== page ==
Our Quote of the Week laments the fact that as a nation, we have become more successful in disseminating weapons than ideas. Our current state is indicative of a culture in which conflict and trauma are more easily addressed using violence rather than other methods.
In 1956, Sargent Shriver, a World War II veteran himself, gave an Address to the Illinois Veterans of Foreign Wars. In the speech, he discussed the nature of power, showing that ultimately, power lies in the hearts and minds of human beings, and not in weapons or military strength. The most important investments we can make, therefore, are in the education and the spiritual well-being of people.
The case for investing in the hearts and minds of people to grow our power, rather than stockpiling weapons is, tragically, a difficult one to make in the country today. We continue to cling to a culture of violence, one in which we perpetuate fear of the "other" and the irrational need to defend ourselves with violence. It is a culture that makes the escalation of violence lucrative. Weapons and force are considered symbols of power. We value and glamorize violence, making it the focus of so much of our entertainment. We uphold myths about our neighbors that have been held for centuries, "othering" those who are not part of the perceived White, upper- and middle-class "mainstream". We silence those who wish to depict the brutal history of a country born out of slavery and White supremacy. We demonize immigrants from large swaths of the world -- from Latin American, Asia, Africa, and the Middle East. We struggle to have our major technology companies regulate disinformation and hate online, which results in the radicalization of some of our young people and which further ignites the culture wars. And we deny the damage done by a system that floods our communities with weapons that kill and maim on a regular basis, whether intentionally or by accident.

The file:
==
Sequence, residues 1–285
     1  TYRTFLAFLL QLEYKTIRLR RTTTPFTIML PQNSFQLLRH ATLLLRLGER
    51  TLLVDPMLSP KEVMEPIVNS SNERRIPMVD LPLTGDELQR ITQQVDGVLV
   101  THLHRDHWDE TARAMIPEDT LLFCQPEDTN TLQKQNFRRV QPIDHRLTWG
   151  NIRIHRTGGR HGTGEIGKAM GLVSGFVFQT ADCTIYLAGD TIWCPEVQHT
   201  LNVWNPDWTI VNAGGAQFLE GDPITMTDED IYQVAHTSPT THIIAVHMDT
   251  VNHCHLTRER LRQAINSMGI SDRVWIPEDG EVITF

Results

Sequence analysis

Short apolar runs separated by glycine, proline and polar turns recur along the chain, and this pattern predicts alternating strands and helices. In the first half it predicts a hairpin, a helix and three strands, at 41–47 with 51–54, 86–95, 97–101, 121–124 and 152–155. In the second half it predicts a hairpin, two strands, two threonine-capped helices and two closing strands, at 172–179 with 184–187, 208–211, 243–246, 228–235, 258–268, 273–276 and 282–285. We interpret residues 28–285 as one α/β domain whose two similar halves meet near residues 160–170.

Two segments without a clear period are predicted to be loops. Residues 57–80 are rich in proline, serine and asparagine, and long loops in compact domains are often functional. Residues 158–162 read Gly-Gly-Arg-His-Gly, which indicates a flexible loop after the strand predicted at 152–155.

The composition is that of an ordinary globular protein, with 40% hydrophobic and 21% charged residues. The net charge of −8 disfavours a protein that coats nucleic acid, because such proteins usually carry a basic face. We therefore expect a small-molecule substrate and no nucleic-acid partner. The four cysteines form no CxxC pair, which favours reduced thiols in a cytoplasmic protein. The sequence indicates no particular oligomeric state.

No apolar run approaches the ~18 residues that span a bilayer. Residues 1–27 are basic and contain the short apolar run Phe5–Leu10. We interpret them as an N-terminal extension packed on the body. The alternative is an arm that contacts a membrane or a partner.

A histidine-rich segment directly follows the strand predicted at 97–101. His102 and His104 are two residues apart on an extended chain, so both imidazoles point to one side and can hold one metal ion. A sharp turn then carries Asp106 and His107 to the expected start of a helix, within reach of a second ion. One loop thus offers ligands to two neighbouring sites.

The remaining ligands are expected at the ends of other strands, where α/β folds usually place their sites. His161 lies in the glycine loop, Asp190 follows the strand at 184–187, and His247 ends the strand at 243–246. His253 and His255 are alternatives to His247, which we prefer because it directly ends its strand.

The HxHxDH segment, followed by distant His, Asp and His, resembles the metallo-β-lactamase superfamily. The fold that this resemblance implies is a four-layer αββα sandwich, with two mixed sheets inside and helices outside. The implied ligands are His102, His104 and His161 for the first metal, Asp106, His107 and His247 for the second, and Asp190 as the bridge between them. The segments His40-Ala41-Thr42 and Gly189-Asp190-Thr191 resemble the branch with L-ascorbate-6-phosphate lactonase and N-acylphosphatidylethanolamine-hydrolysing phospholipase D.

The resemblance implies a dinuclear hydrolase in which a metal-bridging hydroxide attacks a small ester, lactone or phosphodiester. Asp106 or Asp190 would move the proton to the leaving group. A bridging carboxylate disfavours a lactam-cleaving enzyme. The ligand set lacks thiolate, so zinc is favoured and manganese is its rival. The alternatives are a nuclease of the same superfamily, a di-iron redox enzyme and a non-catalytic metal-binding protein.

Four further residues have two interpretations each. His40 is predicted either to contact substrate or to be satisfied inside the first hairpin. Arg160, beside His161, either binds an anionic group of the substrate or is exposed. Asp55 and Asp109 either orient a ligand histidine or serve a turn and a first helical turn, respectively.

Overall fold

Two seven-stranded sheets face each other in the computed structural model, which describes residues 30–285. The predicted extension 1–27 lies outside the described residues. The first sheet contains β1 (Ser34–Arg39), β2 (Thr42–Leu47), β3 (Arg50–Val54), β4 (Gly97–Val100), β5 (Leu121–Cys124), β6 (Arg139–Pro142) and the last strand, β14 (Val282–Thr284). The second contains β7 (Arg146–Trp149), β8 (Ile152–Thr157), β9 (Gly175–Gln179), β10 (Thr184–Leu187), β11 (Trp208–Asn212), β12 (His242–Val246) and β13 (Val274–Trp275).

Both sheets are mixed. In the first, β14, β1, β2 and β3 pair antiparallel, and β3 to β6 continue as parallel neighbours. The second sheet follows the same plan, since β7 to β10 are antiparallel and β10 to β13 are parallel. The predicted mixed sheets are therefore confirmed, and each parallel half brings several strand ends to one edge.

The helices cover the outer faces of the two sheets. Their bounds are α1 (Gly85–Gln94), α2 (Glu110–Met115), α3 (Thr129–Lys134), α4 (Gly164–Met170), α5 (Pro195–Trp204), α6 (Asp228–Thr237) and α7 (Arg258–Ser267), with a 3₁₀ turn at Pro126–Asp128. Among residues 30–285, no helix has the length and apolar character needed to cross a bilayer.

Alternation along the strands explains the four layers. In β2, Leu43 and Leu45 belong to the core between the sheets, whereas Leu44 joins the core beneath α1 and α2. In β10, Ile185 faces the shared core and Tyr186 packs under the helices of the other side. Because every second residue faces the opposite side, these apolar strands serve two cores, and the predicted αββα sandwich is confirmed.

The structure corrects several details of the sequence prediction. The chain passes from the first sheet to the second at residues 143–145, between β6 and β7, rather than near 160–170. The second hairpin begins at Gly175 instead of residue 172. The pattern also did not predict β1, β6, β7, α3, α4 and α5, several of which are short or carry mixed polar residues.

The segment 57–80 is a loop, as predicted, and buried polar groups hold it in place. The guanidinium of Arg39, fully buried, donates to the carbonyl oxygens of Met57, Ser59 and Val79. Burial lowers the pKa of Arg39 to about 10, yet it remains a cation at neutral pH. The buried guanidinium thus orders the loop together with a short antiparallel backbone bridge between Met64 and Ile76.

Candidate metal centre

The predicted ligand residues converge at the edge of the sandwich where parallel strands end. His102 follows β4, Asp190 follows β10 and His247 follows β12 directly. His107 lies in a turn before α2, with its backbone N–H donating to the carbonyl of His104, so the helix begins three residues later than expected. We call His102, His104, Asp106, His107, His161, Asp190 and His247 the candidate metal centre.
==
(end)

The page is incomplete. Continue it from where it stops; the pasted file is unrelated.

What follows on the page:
As we reach the end of May and move forward from Memorial Day, let us ponder all of the losses from violence we have endured. We've seen over 60 mass shootings this month. We marked the anniversary of the killing of George Floyd, a victim of police brutality who was killed two years ago over the suspicion of passing a counterfeit $20 bill. We've mourned the soldiers who have been killed while serving in the US military. And we've mourned countless other acts of everyday violence in communities around the country.
Let us work together to bring an end to our culture of violence. Doing so will not be easy and will require nothing short of a societal transformation. We must all work together -- industry, government, and citizens -- to change the minds, the attitudes, and the policies that keep us locked in these cycles of violence. But the effort will be worth it. It will allow us to finally show the true power of people, which lies in our ingenuity as well as our ability to love and care for each other.